In a far-off galaxy with a name apt enough for a sci-fi film, astronomers have for the first time detected molecular oxygen beyond the Milky Way and it has turned up in the outflows of gas near an Active Galactic Nuclei (AGN) - one of the most powerful objects in the Universe.
As humans, we rely on it to survive and it is found ubiquitously as water just about everywhere that astronomers look, but on its own, oxygen is surprisingly hard to find because it is a very reactive atom; in fact it’s the most reactive of the non-metallic elements.
Only two other instances have been reported of its discovery beyond the Solar System – one in Orion and the other in the Rho Ophiuchi cloud – and never before has it been seen outside the Milky Way.
One current theory as to why there is so little available free oxygen given its widespread abundance is that it is being predominantly locked up in water molecules and then frozen onto dust grains and sequestered away. However, the lack of detections means a comprehensive picture of oxygen chemistry in different interstellar environments is still missing.
Now, based on observations with the IRAM 30 metre telescope located in the Spanish Sierra Nevada and the Northern Extended Millimeter Array Interferometer, a team headed by Junzhi Wang at the Shanghai Astronomical Observatory Chinese Academy of Sciences, could help unlock the mysteries surrounding O2 as they have reported the first extragalactic detection of this elusive molecule in a quasar more than half a billion light-years from Earth.
Quasars are a type of extremely luminous AGN. They derive their energy from material spiralling in towards an enormous black hole at the center of a galaxy forming a disk called an accretion disk. As the gas and dust spirals closer in, it accelerates and heats through gravitational and frictional forces to millions of degrees while radiating enormous amounts of energy as it is swallowed up out of sight.
Quasars and AGN are also synonymous with powerful jets, which can blast outwards at opposite ends from the disk at nearly the speed of light and it was within a high velocity molecular outflow that Wang and colleagues spotted the lung-friendly gas in a galaxy called Markarian 231.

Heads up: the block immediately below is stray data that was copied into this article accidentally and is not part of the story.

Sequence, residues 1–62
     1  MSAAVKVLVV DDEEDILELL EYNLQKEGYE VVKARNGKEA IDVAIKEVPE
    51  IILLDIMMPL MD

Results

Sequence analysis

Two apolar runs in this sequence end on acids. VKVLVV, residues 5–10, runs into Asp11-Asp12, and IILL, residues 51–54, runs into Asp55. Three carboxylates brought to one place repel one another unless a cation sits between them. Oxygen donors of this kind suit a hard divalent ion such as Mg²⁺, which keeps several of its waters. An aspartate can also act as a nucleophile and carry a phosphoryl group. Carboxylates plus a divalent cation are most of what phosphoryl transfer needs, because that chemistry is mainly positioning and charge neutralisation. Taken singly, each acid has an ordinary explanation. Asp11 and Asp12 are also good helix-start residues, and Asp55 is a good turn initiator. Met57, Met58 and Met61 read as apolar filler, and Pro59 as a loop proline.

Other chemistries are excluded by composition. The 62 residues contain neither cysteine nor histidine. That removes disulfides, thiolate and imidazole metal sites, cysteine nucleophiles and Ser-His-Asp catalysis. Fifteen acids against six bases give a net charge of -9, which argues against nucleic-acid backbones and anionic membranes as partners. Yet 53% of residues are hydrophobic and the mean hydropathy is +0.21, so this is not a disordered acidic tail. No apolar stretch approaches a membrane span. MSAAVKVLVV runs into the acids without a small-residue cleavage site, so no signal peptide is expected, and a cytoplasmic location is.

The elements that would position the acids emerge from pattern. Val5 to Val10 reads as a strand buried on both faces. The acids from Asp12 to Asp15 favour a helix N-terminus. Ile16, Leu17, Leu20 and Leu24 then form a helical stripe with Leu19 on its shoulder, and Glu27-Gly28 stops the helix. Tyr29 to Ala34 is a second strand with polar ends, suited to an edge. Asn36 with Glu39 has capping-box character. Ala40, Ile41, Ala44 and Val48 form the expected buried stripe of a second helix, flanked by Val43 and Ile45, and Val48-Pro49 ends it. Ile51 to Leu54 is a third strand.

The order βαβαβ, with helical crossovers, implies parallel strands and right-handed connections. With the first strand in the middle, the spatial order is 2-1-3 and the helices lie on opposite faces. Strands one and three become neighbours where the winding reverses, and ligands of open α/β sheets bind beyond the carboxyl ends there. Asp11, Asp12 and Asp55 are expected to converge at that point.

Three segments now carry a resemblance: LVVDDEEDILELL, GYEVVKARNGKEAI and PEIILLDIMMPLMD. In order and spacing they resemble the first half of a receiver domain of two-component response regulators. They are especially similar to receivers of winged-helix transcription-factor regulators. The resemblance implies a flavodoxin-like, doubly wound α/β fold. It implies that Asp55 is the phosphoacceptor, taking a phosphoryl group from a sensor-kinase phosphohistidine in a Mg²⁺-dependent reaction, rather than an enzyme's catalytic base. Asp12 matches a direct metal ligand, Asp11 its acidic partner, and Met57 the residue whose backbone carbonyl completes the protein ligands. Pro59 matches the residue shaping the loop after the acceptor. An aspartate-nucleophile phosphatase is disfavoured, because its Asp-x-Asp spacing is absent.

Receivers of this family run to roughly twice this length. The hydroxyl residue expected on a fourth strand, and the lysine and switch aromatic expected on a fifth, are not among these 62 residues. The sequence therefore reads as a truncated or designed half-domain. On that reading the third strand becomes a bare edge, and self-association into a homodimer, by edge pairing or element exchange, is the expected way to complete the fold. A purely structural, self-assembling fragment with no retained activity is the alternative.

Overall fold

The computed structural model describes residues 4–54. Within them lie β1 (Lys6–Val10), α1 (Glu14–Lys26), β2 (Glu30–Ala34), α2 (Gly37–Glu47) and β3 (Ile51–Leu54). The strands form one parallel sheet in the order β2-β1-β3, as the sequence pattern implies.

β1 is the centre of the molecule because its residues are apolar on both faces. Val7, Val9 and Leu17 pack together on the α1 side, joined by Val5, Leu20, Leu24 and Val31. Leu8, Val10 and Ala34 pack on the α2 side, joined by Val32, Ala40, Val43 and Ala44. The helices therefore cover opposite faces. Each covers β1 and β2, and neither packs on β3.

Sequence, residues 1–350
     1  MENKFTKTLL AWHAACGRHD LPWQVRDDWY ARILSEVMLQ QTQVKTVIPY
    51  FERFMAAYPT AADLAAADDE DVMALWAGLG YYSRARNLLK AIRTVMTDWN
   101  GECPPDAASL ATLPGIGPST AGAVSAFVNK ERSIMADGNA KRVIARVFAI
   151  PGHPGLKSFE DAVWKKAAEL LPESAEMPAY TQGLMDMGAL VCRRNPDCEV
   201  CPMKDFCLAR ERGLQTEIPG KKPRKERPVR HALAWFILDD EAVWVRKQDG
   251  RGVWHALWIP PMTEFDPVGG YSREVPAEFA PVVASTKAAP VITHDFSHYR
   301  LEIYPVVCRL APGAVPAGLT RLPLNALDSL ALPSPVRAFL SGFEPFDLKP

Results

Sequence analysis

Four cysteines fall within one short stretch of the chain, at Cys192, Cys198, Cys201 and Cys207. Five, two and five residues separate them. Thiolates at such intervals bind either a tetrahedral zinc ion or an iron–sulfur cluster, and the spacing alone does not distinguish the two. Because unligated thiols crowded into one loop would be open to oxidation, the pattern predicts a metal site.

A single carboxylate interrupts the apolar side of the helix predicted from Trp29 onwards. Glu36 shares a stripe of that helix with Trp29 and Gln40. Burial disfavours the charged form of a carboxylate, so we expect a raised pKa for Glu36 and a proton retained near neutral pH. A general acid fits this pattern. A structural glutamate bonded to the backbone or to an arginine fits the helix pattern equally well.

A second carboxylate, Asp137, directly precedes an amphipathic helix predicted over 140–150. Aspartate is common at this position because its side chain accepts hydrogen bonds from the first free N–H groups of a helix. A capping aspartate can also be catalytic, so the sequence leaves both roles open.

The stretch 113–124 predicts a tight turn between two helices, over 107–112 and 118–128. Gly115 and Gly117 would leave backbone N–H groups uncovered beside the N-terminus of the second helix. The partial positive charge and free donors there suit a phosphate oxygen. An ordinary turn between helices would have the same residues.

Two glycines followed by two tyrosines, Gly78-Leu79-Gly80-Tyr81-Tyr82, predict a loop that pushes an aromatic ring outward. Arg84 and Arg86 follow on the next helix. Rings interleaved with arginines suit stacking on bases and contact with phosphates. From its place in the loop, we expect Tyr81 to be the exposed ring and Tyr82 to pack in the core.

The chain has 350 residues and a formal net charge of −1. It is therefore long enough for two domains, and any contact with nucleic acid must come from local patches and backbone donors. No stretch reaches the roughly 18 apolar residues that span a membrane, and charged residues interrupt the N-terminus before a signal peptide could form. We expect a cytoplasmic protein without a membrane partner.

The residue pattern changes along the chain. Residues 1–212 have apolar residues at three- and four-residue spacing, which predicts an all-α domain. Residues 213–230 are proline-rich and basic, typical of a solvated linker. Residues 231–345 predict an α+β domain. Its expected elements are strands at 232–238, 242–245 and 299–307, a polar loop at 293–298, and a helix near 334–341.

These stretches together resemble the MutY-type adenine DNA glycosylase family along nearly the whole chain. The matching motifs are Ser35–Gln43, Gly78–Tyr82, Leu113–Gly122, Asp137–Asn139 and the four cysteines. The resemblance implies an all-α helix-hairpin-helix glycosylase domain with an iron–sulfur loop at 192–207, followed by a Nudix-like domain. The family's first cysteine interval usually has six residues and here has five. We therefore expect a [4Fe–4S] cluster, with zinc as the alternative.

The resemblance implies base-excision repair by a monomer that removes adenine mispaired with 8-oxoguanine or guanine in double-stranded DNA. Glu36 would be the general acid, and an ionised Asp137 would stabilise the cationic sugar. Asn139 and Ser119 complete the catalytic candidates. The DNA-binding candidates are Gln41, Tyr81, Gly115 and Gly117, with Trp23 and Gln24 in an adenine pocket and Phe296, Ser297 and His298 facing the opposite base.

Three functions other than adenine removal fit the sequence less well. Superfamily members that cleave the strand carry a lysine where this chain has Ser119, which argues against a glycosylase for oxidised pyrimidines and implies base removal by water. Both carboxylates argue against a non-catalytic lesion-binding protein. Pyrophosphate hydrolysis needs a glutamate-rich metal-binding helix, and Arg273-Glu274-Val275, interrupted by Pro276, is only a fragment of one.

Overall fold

“The detected O2 emission is located in regions about 10 kpc (kilo parsec) away from the center of Mrk 231 and may be caused by the interaction between the AGN-driven molecular outflow and the outer disk molecular clouds,” write Wang and colleagues in their paper.
At a distance of 172 Megaparsecs (Mpc) or 561 million light-years away, Mrk 231 is the nearest quasar and the most luminous ULIRG (Ultra-Luminous InfraRed Galaxy) in the local Universe, write the authors in their research paper recently submitted to The Astrophysical Journal.
The team's analysis of the data showed that the abundance of oxygen, compared to hydrogen, was around 100 times higher than that previously found in Orion. In this particular instance the freely available O2 was thought to be the result of a shock wave passing though the nebula, shaking free the water trapped on dust molecules and breaking it up into its constituent parts.
As the molecular outflows in AGN can also produce continuous shocks, the same processes might be happening in Mrk 231 just on a larger scale, say the team.
Once liberated and in its molecular form, O2 is thought to help AGN-driven outflows cool down, which in turn could allow other chemical reactions to take place. However, more observations are still needed before a broader understanding of the role O2 plays in cosmo-chemistry can take shape.
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This first detection of extragalactic molecular oxygen will go some way in helping scientists to understand the role O2 plays in cosmo-chemistry
Further observations of O2 in other galaxies are now needed to help answer why the molecule is in such high abundance in regions several kiloparsecs away from the center of galaxies, but also conclude the team.
In about one out of ten AGN, the black hole and accretion disk produce narrow beams of energetic particles which are ejected outwards at nearly the speed of light in opposite directions away from the disk.
Earth has been oxygenated for about 2.3 billion to 2.4 billion years, and levels began to creep up at least 2.5 billion years ago, according to a 2007 NASA-funded studies
despite repeated searches to find the third most common element in the cosmos, no one has ever detected molecular oxygen beyond our galaxy — until now.